What I don’t understand is most Latino players play baseball all year long in their native countries including pitchers. So why do pitchers have to build endurance? Why can’t they pitch a simulated game say once a week tossing 80 pitches or so? Let’s do away with The Baseball Classic. And finally new ownership should be at the top of any new manager’s wish list coming to this franchise.

  2. Rabbit
    October 29, 2017 at 12:41 pm

    Great list,I would add one thing, more emphasis on defense up the middle. Maybe give Lagares a real shot in center and get a second baseman that can play the position at a high level rather than a 2B who is a bat, in other words no Flores at second.

    • October 29, 2017 at 12:57 pm

      Yes, those are worthwhile goals. However, I was focusing on the pitching aspect only and should have made that clearer in my headline.

  3. Jimmy P
    October 29, 2017 at 12:58 pm

    There was an interesting article recently on Callaway’s emphasis on the curveball. Seems like the Indians threw it more than anybody. Obviously, you have to coach to a player’s individual strengths and weaknesses, but it was a noteworthy trend.

    • Chris F
      October 29, 2017 at 1:42 pm

      This is also a path taken by the Astros. I listened to a Hinch interview sometime this year and he said, everyone is going power arm, so the Astros, aiming to capitalize on a forgotten area invested in breaking ball pitchers. Doing something different…

      • Jimmy P
        October 29, 2017 at 7:47 pm

        Top four teams in terms of curveball use in 2017: Indians, Dodgers, Astros, Red Sox.

        FWIW.

        • Chris F
          October 29, 2017 at 8:12 pm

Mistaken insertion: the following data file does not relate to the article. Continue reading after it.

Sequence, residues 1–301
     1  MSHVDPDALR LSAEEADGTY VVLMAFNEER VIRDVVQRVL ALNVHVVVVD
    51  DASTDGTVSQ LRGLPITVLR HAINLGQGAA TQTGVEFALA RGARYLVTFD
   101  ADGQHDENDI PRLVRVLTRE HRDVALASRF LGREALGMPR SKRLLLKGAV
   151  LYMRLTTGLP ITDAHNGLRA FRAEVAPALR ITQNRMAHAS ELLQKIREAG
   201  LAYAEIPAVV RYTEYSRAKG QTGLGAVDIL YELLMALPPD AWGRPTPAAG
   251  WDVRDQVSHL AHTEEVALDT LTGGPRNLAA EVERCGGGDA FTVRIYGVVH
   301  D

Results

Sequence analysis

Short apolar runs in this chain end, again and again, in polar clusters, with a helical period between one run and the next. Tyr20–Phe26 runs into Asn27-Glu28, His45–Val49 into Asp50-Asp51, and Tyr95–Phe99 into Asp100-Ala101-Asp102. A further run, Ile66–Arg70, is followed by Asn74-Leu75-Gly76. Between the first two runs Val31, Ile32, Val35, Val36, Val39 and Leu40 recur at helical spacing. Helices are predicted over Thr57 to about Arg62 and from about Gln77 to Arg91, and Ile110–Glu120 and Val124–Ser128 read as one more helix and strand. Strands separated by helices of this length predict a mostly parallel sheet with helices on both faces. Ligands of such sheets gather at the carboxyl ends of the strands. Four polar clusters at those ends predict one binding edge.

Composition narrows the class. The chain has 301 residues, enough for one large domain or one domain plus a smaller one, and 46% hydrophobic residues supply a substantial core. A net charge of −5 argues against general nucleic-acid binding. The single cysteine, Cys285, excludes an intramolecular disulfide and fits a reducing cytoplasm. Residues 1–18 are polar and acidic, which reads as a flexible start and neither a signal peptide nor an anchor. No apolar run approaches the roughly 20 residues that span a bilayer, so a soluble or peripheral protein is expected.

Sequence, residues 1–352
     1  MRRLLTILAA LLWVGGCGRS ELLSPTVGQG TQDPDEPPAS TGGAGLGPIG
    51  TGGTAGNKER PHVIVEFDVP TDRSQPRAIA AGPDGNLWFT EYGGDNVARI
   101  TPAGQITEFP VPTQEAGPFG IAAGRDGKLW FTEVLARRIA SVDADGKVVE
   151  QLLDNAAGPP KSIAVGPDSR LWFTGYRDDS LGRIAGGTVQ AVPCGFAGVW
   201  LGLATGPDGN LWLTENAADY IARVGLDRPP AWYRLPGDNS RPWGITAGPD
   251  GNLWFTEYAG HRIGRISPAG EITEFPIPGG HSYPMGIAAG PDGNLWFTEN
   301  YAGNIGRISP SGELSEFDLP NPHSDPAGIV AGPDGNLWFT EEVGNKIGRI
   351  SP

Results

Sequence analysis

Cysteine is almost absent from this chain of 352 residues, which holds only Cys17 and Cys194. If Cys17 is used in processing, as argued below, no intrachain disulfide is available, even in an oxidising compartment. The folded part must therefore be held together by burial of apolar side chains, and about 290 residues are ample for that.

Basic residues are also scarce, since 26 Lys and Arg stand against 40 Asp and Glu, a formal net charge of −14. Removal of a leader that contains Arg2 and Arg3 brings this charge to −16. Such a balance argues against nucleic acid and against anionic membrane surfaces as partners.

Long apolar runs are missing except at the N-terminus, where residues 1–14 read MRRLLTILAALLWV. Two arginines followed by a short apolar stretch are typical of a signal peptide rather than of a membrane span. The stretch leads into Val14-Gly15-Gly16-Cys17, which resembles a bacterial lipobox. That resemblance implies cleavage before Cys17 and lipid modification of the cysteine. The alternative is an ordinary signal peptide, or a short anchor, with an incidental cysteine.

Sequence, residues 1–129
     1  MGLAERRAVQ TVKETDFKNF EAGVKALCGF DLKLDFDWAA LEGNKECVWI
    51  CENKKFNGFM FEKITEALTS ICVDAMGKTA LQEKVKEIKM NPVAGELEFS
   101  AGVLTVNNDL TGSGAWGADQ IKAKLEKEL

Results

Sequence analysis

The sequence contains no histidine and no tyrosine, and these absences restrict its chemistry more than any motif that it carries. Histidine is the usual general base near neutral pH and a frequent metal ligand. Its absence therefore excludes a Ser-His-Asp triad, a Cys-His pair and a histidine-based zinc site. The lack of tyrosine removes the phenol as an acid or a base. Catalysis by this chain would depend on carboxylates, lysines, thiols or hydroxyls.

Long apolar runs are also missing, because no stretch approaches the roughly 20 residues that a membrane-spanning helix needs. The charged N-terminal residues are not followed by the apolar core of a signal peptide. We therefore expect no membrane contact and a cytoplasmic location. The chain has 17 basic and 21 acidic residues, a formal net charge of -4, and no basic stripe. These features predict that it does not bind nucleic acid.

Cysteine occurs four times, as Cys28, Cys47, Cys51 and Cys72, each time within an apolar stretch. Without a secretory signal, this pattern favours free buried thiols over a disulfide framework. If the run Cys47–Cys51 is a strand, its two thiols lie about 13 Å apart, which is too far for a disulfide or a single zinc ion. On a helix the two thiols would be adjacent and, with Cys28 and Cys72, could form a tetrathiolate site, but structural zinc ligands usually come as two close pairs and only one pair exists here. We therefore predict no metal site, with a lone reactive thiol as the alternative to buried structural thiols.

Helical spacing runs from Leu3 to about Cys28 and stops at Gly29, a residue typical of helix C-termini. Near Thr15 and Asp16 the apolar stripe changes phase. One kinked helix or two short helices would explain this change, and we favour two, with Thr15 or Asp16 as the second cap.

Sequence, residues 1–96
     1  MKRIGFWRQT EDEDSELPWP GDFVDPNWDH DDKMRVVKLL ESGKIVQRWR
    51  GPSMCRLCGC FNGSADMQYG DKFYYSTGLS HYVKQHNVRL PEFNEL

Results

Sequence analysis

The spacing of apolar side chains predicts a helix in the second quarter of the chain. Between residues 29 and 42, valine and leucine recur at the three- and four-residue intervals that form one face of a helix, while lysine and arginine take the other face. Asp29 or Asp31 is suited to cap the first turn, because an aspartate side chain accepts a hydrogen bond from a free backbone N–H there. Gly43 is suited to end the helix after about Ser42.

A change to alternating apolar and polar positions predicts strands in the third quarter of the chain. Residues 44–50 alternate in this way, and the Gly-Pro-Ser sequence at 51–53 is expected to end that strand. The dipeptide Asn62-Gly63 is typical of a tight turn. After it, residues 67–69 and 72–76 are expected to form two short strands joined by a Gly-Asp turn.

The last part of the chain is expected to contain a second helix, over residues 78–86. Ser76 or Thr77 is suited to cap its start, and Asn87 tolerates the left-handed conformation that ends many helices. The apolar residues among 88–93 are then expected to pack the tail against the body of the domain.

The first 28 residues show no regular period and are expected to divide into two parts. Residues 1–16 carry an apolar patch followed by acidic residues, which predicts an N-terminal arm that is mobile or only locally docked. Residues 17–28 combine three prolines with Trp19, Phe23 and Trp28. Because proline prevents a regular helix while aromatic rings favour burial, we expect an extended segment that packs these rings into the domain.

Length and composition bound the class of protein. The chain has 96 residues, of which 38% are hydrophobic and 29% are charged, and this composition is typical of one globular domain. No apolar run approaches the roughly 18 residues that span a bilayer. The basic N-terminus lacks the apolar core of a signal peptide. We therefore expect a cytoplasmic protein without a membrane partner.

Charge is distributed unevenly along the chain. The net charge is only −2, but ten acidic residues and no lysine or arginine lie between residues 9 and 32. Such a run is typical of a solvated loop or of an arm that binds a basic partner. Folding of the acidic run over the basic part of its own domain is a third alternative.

yep

  4. TexasGusCC
    October 29, 2017 at 2:27 pm

    Brian, in an interview earlier this month, Jerry Blevins said that baseball is moving towards better bullpens and keeping opposing lineups see a pitcher a third time through, unless they are one of the better pitchers. That means more 5 and 6 inning starts rather than less.

    Pete, MLB uses the Baseball Classic to promote their brand overseas. It’s well received and the players enjoy representing their motherland. It’s not going anywhere. In fact, players like Lugo can use it as their breakout forum. They just need to prepare differently all winter.

    My view on Callaway is that of all the hires so far, he is the only one that can truly improve players in an area based on his work. Cora and Martinez may be good communicators, but I can’t see how they can improve an area on their team by themselves. So from that respect, the Mets did well. I’d like to see two smart ex-managers (Girardi and Pena/Acta) come to mentor this new manager and put him on his way. Building a super team of coaches Gerardi, (bench) Pena/Acta (third base), Bere (pitching), Long (hitting), Sherlock (catchers), Tuefel (infield), and a Spanish speaking qualified outfield and baserunning coach, would give these players more training than they’d ever have seen in this #LOLMets organization. I wonder just how good the Mets could be if they used their resources to compliment some good fortune instead of their usual approach that makes winning a secondary result to some other goal.

    • Chris F
      October 29, 2017 at 8:16 pm

      Gus, at the risk of piling on…I mean 10 year skipper with the Yankees, WS champion, strong winning record, and hes gonna take orders from Callaway as the 3B coach? His salary alone would be 5-10x what Callaway is making, and a premium for being 3B coach. Not in a million years.

  5. Eraff
    October 29, 2017 at 6:38 pm

    Gus…Joe Girardi as a Bench Coach!!!!,,,hahahaha…That’s Wild!!!!

    • Jimmy P
      October 29, 2017 at 7:49 pm

      Yeah, sure, he’ll go from Yankees manager to Mets bench coach and take a massive cut in salary while he’s at it. Not happening.

      • TexasGusCC
        October 29, 2017 at 11:33 pm